Food review architect and farmers criticise government's watered down strategy

The architect of a major review of the country’s food system has joined industry bodies in denouncing the government's new strategy on the day it was unveiled.

Boris Johnson announced the new strategy on a vegetable farm in Cornwall on Monday.

He pledged the blueprint will "back farmers" and strengthen the resilience of the nation by increasing domestic production, so “we will grow and eat more of our own food”, to help guard against future economic shocks and crises.

The prime minister was hurried along by workers on the farm to speed up his courgette picking, at one point exclaiming "they’re very prolific, aren’t they?"But the government’s food tsar said the response to his wide-ranging review of the system fell short of what was needed.

Henry Dimbleby carried out the review into the UK's food system. Credit: PA

Leon restaurant co-founder Henry Dimbleby told The Guardian the document was "not a strategy", saying: "It doesn’t set out a clear vision as to why we have the problems we have now and it doesn’t set out what needs to be done."

Mr Dimbleby added: "There was nothing really there on health".

Mr Dimbleby's review urged the government to "nudge" consumers into changing their meat-eating habits as well as taxing salt and sugar.

But while the draft paper said ministers would "support progress on a wide range of issues, including alternative proteins", it suggested sustainable sources of protein did not have to "displace traditional sectors", pointing to "regenerative farming".

Environment Secretary George Eustice has said the government does not want people to eat less meat despite stark warnings that consumption should be curbed.

Boris Johnson unveiled the strategy on Monday. Credit: PA

He told BBC Radio 4: "Rather than lecturing the public on their diet and telling them they shouldn’t eat meat, what we should actually be doing is reducing methane emissions from livestock production, and there are some really interesting technologies coming into this space that significantly reduce methane emissions.”All mention of a salt and sugar tax appears to have been dropped.

The National Farmers Union said ministers had "stripped to the bone" proposals from the Dimbleby review, while Labour said the document was "nothing more than a statement of vague intentions".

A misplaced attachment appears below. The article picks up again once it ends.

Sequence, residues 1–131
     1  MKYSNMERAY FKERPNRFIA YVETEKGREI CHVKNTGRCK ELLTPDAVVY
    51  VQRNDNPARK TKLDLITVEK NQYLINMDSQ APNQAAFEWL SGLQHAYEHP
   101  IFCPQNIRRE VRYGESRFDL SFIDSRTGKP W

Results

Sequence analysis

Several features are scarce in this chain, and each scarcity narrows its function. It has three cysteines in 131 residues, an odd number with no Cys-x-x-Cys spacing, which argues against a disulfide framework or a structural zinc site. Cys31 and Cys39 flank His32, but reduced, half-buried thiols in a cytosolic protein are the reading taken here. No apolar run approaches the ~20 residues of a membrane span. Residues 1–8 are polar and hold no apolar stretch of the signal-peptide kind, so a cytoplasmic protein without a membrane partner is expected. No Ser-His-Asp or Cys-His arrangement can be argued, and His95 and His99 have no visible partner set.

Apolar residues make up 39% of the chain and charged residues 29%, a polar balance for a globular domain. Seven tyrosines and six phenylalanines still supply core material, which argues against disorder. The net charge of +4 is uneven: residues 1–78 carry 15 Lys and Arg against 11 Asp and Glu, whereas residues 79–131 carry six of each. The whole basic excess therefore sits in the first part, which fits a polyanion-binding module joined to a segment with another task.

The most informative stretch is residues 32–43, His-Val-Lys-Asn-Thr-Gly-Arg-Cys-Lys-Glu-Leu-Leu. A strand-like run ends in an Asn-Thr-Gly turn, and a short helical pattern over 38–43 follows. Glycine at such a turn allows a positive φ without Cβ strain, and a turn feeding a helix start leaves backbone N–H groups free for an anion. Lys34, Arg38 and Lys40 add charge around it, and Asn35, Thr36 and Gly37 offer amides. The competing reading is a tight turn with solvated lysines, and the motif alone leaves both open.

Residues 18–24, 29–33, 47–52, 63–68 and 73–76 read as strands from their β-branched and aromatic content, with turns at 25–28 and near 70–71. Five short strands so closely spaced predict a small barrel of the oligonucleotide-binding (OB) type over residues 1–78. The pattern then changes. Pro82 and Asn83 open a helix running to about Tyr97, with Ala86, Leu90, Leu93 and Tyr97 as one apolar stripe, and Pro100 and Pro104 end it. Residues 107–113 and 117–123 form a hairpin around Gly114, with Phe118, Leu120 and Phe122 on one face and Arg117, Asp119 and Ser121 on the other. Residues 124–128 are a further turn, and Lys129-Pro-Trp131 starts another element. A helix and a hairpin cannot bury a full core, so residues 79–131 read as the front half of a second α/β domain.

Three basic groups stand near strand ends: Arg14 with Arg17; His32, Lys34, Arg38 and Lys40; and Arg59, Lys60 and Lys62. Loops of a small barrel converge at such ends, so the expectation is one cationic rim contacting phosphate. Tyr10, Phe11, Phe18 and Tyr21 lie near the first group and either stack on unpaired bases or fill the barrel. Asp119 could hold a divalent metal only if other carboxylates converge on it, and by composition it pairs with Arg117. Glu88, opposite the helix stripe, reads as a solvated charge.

Boris Johnson this morning defended the strategy following criticism Mr Dimbleby's criticism.

“What we are looking at is supporting UK farmers, supporting British agriculture,” the prime minister told LBC Radio.

“Frankly, we have got an opportunity now to eat much more domestic produce and improve our food security.”

He added: “I’m very grateful to Henry for all the work he has done. This is about helping to support UK food and farming at a particularly important time.”

The government said it had accepted "the majority of recommendations" from the food tsar’s report, with policy initiatives to boost health, sustainability and accessibility of diets, and to secure food supply.

There are now plans to introduce further sugar and salt taxes. Credit: PA

One clear priority for ministers is to reduce the distance between farm and fork, with a vision for 50% of public sector food spending to go on food produced locally or certified to higher standards.

The strategy also sets out plans to create a new professional body for the farming and growing industry, to boost training and develop clear career pathways, equipping people and businesses with the skills needed to run sustainable and profitable businesses.

Mr Johnson said: "Our food strategy sets out a blueprint for how we will back farmers, boost British industry and help protect people against the impacts of future economic shocks by safeguarding our food security.

"Harnessing new technologies and innovation, we will grow and eat more of our own food – unlocking jobs across the country and growing the economy, which in turn will ultimately help to reduce pressure on prices."

Jim McMahon, Labour’s shadow secretary for environment, food and rural affairs, accused the government of failing to deliver “much more than a new slogan”.

Kath Dalmeny, chief executive of farming group Sustain, said: "In the face of multiple crises in the cost of living, rocketing obesity, climate change and nature loss, the government food strategy looks shamefully weak."

The Food Foundation called the paper "disappointing", saying it "misses this mark" as many of its commitments will "flounder without new legislation to make them stick".

The charity’s executive director, Anna Taylor, said: "Despite its name, the whole document is lacking a strategy to transition the food system towards delivering good food which is accessible to everyone."